Links between Lira and Wau

Frankie Dorman explored the possibility of joint teaching between Lira and Wau, facilitated by Poole Africa Link; in particular examining what we had to offer the students and doctors in Lira as well as looking to see whether the University would be a suitable site for training doctors and nurses from South Sudan.  Transport would not be difficult as the border is only 3 hours away by car,  and Juba a further 3 hours’ drive.  Both Dr Danga from South Sudan (whom we spoke to in Kampala) and Professor Jasper Ogwal-Okeng   were very positive.  Professor Jasper felt that this would be a valuable development for the University. We were also informed that the Ugandan Government are very keen to develop systems for supporting the South Sudanese in Uganda.  They are already providing some training in Kampala and wish to extend this

 

Suggestions for Future Visits

Strategic

  • Agree and sign a Memorandum of Understanding with Lira. A draft copy is currently with Professor Jasper Ogwal-Okeng    .
  • Carry out assessment of Lira university hospital once it is up and running – this will enable a training needs analysis that is relevant for them.
  • Investigate the possibility of longer term visits. In particular to facilitate the development of the Intensive Care Unit at Lira Hospital
  • Investigate the possibility of senior trainees spending 2-3 months in Lira (via Wessex Deanery and Royal Colleges)

 

Equipment

  • Both the university and the hospital need further instruments, for delivery and for perineal repair.
  • Assist Lira maternity unit to equip practical neonatal resuscitation areas, in labour room and in theatre: each needs a light source, a heat source, stethoscope, ambu bag.
  • Consider how to address provision of water for hand washing in labour room. ? provide a pump to use with jerry cans?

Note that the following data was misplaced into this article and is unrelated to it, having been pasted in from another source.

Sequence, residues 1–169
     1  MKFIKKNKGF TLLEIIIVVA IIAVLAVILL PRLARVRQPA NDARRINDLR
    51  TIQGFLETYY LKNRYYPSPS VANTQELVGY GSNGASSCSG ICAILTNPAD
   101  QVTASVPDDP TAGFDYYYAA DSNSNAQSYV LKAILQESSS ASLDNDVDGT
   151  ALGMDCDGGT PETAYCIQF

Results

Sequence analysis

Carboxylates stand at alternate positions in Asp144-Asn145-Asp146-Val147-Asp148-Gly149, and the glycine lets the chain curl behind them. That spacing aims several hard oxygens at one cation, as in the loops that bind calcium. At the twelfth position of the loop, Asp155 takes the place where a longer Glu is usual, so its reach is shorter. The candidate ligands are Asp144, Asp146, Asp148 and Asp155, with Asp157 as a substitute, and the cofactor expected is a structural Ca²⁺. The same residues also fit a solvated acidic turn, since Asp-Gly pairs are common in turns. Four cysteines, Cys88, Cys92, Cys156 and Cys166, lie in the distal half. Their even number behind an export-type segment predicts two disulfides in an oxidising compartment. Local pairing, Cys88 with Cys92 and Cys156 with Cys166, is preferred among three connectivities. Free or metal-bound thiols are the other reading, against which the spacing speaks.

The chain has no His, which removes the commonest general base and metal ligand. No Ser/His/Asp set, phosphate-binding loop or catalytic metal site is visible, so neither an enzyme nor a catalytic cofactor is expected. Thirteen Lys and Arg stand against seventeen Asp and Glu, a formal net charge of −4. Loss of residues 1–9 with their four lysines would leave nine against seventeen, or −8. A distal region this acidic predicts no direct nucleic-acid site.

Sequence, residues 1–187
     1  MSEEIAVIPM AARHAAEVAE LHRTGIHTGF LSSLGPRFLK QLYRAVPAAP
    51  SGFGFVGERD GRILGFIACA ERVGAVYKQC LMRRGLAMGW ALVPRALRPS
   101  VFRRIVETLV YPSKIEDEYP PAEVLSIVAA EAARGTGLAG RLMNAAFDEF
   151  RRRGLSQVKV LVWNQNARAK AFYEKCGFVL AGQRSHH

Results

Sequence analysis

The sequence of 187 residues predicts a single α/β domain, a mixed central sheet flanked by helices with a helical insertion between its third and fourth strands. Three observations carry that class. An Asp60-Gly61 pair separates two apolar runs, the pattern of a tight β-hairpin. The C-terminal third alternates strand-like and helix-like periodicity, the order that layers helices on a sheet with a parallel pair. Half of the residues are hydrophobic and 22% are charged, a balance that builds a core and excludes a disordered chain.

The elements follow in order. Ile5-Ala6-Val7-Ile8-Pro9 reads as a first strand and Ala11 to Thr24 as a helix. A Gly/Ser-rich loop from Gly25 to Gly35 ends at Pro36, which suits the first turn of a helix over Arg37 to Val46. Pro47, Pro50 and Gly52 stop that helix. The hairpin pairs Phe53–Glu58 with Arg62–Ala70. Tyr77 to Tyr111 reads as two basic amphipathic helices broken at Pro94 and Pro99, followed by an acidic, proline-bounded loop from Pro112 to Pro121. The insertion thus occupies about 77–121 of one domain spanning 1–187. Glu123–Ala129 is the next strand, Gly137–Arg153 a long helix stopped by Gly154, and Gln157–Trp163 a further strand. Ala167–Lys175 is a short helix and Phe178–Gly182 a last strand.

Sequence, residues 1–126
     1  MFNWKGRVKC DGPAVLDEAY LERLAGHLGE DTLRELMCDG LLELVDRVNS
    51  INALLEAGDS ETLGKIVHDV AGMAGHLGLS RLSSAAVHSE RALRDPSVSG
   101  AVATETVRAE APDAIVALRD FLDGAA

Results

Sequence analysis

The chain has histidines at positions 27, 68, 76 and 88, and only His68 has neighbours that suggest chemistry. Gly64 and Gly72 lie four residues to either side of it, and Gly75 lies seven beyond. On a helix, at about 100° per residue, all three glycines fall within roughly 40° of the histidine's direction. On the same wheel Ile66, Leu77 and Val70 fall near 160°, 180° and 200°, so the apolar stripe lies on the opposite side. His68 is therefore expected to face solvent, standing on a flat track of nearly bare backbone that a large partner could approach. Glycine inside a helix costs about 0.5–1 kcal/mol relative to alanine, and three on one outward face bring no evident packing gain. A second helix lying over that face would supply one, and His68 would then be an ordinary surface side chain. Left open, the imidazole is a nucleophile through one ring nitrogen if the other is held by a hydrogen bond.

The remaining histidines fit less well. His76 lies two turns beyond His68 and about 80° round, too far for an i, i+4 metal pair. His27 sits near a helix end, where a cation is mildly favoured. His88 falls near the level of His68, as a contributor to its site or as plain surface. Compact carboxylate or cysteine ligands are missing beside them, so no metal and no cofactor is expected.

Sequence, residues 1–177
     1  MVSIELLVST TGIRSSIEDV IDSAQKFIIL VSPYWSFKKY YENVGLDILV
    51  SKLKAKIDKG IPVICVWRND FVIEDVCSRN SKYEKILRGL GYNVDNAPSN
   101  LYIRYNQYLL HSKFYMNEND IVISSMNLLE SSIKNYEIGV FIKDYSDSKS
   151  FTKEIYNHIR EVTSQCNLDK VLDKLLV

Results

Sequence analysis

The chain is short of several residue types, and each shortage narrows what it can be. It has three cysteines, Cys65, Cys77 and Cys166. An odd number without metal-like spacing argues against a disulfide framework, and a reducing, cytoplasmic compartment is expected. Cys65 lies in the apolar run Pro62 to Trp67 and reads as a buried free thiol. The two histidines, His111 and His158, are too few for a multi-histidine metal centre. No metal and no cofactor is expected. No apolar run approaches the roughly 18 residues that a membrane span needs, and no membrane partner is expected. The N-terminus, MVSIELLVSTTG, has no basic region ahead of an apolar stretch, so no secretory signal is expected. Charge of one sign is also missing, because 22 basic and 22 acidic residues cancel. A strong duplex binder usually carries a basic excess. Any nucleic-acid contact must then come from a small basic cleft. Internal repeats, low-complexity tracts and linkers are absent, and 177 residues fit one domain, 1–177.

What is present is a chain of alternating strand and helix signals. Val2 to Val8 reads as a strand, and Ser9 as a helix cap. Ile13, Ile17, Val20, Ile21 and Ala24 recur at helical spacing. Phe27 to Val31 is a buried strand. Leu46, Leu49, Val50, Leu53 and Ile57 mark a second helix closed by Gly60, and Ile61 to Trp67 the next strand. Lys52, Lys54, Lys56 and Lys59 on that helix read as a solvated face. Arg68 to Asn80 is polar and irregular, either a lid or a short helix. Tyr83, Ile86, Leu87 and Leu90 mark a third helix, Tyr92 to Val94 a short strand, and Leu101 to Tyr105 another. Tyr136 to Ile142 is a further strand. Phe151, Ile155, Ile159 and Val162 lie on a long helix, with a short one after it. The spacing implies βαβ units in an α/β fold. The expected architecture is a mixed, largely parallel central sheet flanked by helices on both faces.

• Help provide basic equipment for both hospitals: thermometers, blood pressure cuffs, watches, laryngoscopes etc.
  • Provide further teaching resources for the University, especially resuscitation models
  • Support the development of library resources for both institutions.

 

Teaching/ Mentoring

  • Continue to support with training courses including resuscitation
  • Provide and facilitate a dedicated perineal repair workshop for students.
  • Formulate and support specific short training programme for theatre staff. Include scrub practice, swab and sharps management
  • Look at digital packages for teaching anatomy for University students
  • Online teaching between Poole and Lira Hospital

 

Conclusion

The team returned extremely enthusiastic about the potential for a rewarding link between the Poole Africa Link and Lira University, alongside close working with Lira Referral Hospital.  Visiting Uganda is far easier, the travelling is more reliable and time spent in Lira will be more predictable than in Wau.  Our welcome both at the University and the Hospital was fantastic and we were able to teach on the wards without causing any conflict. We had some frustration during the first week that our skills were not being adequately utilised.  In future we would need to give the tutors more time to prepare for our visit to ensure that we are included in their timetables to maximise our teaching for the students at the University. We have however been very gratified by the very positive feedback received.